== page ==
AppFog PaaS drops Rackspace IaaS
Low demand leads to shutdown as PaaS runs to private clouds
Platform-as-a-service provider AppFog is evaporating its cloudy bridge to Rackspace due to poor customer demand, in yet another case of the fluffy industry coming to terms with hard business realities.
AppFog provides an application infrastructure automation service – otherwise known as a platform-as-a-service (PaaS) – that lets devs choose the infrastructure upon which their apps run. The company has decided to curtail support for Rackspace's OpenStack-based cloud due to "low adoption rates," according to an email seen by The Register that was circulated to AppFog customers last week.
"While we believe [multi-cloud support] to be one of our main selling points, it's also become increasingly resource intensive to maintain so many instances of our infrastructure," AppFog CEO Lucas Carlson wrote in the email. "In an effort to keep our service affordable and reliable, we'll be discontinuing support of the Rackspace public cloud due to low adoption rates."
Rackspace infrastructure support will be turned off on Thursday, and AppFog customers can no longer create new applications on Rackspace infrastructure. Instead, AppFog will revert to offering Amazon Web Services infrastructure across three separate regions, and the HP cloud.
The cloud industry is young and usually optimistic. Something serious must be going on for AppFog to write such an email to its customers.
"I can see how it would be shocking," Carlson told us on Monday. "It's become very clear that the developers are really interested in apps – infrastructure is something that I know is important at a market level, but these 100-plus thousand devs are deploying applications and what they're interested in is getting their job done."
The decision to drop Rackspace was made because AppFog doesn't have enough resources to effectively support its breadth of infrastructure options and because it had not detected vast demand for the cloud.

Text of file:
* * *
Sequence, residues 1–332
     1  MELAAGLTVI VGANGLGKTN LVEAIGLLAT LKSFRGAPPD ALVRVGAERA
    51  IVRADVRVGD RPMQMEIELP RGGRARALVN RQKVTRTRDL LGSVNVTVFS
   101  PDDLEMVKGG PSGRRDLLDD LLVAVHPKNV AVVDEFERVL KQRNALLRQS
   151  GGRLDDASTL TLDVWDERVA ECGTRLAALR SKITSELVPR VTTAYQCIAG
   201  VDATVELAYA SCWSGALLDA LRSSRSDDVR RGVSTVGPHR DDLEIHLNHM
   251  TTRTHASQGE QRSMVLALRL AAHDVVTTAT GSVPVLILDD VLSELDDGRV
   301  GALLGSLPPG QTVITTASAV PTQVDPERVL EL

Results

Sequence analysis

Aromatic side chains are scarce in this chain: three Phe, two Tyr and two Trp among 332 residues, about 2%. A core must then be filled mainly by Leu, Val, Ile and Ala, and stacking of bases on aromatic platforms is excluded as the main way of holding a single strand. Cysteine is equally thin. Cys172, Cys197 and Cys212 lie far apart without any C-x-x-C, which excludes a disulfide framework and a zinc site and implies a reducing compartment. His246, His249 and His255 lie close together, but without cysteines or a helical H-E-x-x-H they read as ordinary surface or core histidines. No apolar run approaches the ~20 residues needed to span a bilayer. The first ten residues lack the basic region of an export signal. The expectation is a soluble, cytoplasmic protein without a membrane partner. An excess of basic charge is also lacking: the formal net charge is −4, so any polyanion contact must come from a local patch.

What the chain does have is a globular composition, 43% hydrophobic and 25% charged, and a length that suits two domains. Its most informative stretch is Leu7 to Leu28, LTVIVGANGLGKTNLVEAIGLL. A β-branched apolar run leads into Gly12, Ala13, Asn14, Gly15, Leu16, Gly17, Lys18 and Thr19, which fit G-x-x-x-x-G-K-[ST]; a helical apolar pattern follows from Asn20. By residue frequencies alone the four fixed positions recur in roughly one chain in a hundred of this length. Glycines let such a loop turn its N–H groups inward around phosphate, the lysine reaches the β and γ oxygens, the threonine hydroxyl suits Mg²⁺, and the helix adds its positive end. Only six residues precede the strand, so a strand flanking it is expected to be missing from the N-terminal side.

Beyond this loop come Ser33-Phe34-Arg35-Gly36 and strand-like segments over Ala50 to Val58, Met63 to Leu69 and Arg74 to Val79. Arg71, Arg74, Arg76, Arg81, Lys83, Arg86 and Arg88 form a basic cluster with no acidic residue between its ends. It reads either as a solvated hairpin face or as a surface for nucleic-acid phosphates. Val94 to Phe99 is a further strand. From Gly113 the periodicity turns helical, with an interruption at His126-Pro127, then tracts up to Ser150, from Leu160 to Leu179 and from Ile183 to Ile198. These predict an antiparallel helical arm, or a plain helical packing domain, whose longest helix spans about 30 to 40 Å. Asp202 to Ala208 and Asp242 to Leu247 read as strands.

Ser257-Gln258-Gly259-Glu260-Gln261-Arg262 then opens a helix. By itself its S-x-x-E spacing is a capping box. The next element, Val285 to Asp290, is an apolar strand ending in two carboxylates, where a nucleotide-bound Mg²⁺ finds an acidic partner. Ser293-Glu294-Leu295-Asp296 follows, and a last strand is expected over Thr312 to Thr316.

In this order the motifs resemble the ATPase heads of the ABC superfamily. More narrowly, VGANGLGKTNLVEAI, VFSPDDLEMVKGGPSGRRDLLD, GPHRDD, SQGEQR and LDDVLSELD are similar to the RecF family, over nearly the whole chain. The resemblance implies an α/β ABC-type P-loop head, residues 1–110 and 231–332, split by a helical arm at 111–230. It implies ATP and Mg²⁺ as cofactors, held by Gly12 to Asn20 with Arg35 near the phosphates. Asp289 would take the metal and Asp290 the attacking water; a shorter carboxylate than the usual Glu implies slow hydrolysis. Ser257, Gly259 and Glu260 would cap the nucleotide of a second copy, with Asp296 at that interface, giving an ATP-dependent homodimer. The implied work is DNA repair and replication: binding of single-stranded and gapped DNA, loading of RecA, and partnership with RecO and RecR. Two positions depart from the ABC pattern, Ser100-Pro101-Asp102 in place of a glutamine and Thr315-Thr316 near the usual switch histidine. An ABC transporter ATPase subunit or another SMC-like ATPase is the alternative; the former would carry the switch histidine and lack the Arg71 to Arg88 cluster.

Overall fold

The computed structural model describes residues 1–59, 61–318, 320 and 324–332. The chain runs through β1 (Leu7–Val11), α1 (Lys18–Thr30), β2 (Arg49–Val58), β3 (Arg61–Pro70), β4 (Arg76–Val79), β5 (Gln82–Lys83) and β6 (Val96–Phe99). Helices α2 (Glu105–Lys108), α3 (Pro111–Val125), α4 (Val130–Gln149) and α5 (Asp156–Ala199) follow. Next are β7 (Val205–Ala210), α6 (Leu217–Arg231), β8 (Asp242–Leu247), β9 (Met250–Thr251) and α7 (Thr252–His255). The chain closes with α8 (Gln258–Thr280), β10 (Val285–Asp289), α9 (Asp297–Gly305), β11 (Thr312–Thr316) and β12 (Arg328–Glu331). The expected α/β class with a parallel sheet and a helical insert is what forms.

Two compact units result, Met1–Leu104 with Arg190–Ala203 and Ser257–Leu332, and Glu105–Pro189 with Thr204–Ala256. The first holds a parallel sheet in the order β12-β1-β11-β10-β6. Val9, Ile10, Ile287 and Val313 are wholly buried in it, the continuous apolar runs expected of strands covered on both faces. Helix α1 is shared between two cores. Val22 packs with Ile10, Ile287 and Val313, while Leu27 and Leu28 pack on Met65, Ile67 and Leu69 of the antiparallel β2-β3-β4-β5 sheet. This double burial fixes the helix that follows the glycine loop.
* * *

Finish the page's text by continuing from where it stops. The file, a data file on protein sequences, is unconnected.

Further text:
"We're very data driven," Carlson said. "We don't have the same resources as a big company."
And to that end, the Rackspace drop may be part of a larger strategy by AppFog to retreat from public clouds and re-specialize as a vendor of software for running private PaaS clouds. This is a route also taken by Red Hat via OpenShift, VMware via Cloud Foundry, and Oracle-acquired Nimbula and Oracle-backed EngineYard.
"We've shifted a lot of focus towards the private cloud and putting AppFog behind the firewall," Carlson said.
There are several ways to read AppFog's dropping of Rackspace, beyond the publically stated reasons. One interpretation could be that the company doesn't think it wise to grow its engineering team to continue supporting Rackspace while working on its private offerings. Another would be that overall demand for the public services is weakening – potentially due to the competitive environment, including AWS's own platform offering Elastic Beanstalk – and Rackspace is an easy cloud to drop in favor of Amazon. A third way is that there is some kind of non-public agreement between AppFog and HP that sees the former company agree to support the latter's cloud – a cloud which is still in beta, and whose scale is difficult to ascertain.
"We're still good friends with the people at Rackspace, we're still good friends with the people at HP and Amazon," Carlson said.
Then again, there's always reason number four: supporting multiple cloud infrastructures is a notoriously difficult problem, and one that no other cloud we are aware of has been able to crack. The closest cloud to AppFog's in this capability is Engine Yard, which has plans to add support for the Dell cloud [???—Ed.] alongside Amazon. Running an app environment across separate infrastructure clouds is like spinning multiple plates, where each plate demands a specific rhythm to stop it from crashing down.
AppFog's decision highlights the fragility of the cloud industry, and the cat's-cradle of provider relationships it creates. ®
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